Mahatma Gandhi State Institute of Public Administration, Punjab (MGSIPA), Chandigarh, today organised a training programme for IAS, PCS, IFS & PSS officers. Over 60 officers from all over the State attended this programme. Mr Ishwar Singh, IPS, Director, State Narcotics Control Bureau, Ludhiana in his talk on “War against Drugs in Punjab”, spoke in detail about various kinds of drugs in existence such as – poppy plant derivatives, cannabis derivatives, etc. Mr Ishwar Singh offered the prescription that the issue of drug addiction should be treated like a medical and social problem and the administrators must undertake required action with that perspective. The police needs the support of civil officers and society at large, in its crackdown against drugs.
He mentioned that India’s geographical location i.e. being sandwiched between the Golden Triangle (Myanmar, Laos and Thailand) and the Golden Crescent (Iran, Iraq, Afghanistan) makes it highly vulnerable to drug trafficking. He shared that Punjab’s strategy to counter the problem is multi- prolonged and included supply reduction – strict enforcement; demand reduction – de- addiction, rehabilitation; toll free helplines; institutional arrangements and educational and awareness programmes. Mr Singh advised field officers to deal with problem in multidimensional ways. He also discussed the legal provisions connected with the issue.
Later, Dr Rainuka Dagar, Director (Research), Gender Studies Unit at Institute of Development and Communication, Chandigarh, while speaking on “Female De-selection: issues and challenges”, mentioned that human rights proponents promote the concept of gender equality in terms of all the rights like jobs, healthcare, and education etc. whereas gender justice respects the different biological and cultural identities of males and females. Dr Dagar said that Punjab and Haryana are the worst performers as far as the skewed sex ratio is concerned. The form of gender discrimination varies in different societies and one has to see the historical perspective to understand the origin of discrimination. While sharing a case study from Punjab, she noted that the low number of girls is a matter of concern, because Punjab is an affluent state and progressive in all aspects but that of the female.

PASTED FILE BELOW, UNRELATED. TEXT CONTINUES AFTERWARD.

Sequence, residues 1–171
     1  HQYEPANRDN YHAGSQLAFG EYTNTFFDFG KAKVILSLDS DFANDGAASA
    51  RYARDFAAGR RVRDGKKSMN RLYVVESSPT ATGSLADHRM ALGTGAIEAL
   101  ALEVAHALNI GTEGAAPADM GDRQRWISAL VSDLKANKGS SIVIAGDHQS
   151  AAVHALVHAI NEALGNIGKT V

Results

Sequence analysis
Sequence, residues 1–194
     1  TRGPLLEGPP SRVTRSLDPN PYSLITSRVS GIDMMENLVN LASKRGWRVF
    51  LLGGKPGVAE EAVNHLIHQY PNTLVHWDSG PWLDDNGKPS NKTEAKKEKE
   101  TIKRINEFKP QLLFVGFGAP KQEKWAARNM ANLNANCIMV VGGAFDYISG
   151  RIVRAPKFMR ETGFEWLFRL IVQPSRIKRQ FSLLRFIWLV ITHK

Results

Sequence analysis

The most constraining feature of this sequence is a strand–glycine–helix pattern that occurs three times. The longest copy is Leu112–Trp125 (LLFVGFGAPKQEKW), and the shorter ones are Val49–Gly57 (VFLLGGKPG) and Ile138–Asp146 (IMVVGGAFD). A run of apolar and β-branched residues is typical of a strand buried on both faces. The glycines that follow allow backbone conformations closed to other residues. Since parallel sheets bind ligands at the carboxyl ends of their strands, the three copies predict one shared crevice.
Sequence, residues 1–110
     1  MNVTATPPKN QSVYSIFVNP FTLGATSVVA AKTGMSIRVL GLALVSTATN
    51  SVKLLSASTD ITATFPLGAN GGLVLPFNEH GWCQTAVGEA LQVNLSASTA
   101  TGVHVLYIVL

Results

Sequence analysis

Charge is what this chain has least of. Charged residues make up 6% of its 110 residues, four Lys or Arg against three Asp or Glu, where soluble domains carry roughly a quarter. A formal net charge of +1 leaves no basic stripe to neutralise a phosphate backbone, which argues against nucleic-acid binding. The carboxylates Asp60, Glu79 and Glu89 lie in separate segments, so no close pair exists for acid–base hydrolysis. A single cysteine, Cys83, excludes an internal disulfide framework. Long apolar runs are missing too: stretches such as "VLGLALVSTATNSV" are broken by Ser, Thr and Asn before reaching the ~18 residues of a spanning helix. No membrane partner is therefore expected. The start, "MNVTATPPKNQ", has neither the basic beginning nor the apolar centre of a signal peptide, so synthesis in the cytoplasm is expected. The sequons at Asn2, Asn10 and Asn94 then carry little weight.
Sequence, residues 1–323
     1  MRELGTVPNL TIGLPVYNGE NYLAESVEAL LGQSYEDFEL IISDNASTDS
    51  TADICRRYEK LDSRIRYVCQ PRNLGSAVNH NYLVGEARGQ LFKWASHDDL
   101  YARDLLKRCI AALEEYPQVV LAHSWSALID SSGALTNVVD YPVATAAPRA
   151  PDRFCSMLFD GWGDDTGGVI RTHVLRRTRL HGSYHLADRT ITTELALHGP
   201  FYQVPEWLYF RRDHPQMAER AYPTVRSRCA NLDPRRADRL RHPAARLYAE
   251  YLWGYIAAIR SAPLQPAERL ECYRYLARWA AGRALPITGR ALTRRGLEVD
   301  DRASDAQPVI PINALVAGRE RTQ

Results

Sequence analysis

A panel discussion on “Civil Services and Media Interface” was conducted in which Mrs Ruchika Khanna, Special Correspondent, The Tribune;Herkawaljit Singh, Bureau Chief, Daily Ajit; and Mr Pawan Sharma, Chief of Bureau, Hindustan Times, participated. The panel discussed on issues such as relationship between civil services and the media; how to project Government activities in the media, right to information and ethics in mediaA session on New Public Management (NPM): theories and practices was conducted by Prof B S Ghuman, He dwelt upon major theories of new public management, the origin and evolution of NPM.
Prof Ghuman threw light on ReGo (Reinventing Government) which was based on the best practices of public sector/governments and compiled into a theory by David Osborne. Later, he talked of how the synthesis of the best practices of both private and government sectors, have been put to use in bringing out some bold administrative reforms by the developed countries like UK, New Zealand and later, even by Singapore and India. He cited downsizing and reorganisation as examples.Mr Harsimran Singh Sethi, Additional Advocate General, Punjab discussed landmark judgements on service matters. Mr Sethi spoke on various service laws that are relevant to the officers in the matters related to direct recruitment, promotion, reservation and preparation of seniority list and specifically mentioned the judgements on the matter of reservation in seniority while promoting officials.